Grafton’s latest book, The Circle of the Snake: Nostalgia and Utopia in the Age of Big Tech, is out now wherever books are sold.
Shocked by 9/11, the Great Recession, digital anxiety, and ecological collapse, the West suffers from nostalgia. People everywhere yearn for a utopian version of the past that never existed. Desperate for relief, many long to escape from the present. Some will stop at nothing to achieve it.
In his essential new book, Grafton Tanner, author of Babbling Corpse: Vaporwave and the Commodification of Ghosts, argues that our nostalgia today is partly a consequence of the attention economy. At a time when historical literacy is crucial, and old prejudices are percolating into the present, Big Tech’s predictive algorithms are locking us into nostalgic feedback loops. The result is a precarious society with its gaze fixed on the good old days.
Spanning from the ancient Sophists to Black Mirror, The Circle of the Snake is at once a reckoning with the myth of digital utopia and an incisive analysis of nostalgia as a weapon to spread fascism.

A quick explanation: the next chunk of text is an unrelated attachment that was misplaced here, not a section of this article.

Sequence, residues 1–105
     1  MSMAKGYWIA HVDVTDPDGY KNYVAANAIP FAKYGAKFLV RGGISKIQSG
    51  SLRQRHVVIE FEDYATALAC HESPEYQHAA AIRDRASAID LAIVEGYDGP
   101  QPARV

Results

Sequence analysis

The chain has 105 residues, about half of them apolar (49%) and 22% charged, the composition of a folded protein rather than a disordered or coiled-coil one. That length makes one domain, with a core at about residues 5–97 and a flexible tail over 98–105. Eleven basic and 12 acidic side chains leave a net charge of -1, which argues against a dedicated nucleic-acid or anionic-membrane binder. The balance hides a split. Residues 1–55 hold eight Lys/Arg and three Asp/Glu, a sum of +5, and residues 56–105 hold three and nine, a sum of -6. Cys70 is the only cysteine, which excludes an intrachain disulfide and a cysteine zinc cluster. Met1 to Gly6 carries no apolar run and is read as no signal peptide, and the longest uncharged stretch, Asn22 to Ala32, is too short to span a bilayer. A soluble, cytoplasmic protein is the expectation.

“Whether it is dissecting the utopian fantasies of Big Tech gurus, revealing the political economy of the nostalgia industry, or uncovering exploitation in the global division of digital labour, The Circle and the Snake is just the guide we need to navigate, resist, and transform the online world. In precise, accessible prose, Grafton Tanner offers a much-needed vision of democratic alternatives to surveillance capitalism.” Vincent Mosco, author of The Smart City in a Digital World
“In an age of platform capitalism in which state power is transformed by Big Tech conglomerates who exercise increasing power over our movements, thoughts and ideologies, Grafton Tanner finds a way out via critique. Our particular brand of capitalism is best understood through a nostalgia industry which it uses to sustain itself, Tanner shows. Everything from popular culture, politics and music to fashion, TV and videogames can be seen as bound up with forms of nostalgia inherently connected to our economic conditions. By understanding nostalgia, Tanner lays bare our ideologies and confronts not only the historical development of capitalism but the particular condition of today’s digital corporate world.” Alfie Bown, author of The PlayStation Dreamworld
“In a world where it is suddenly impossible to disconnect, to log off, Tanner’s work deserves redoubled consideration.” Ryan Alexander Diduck, author of The Limits of Control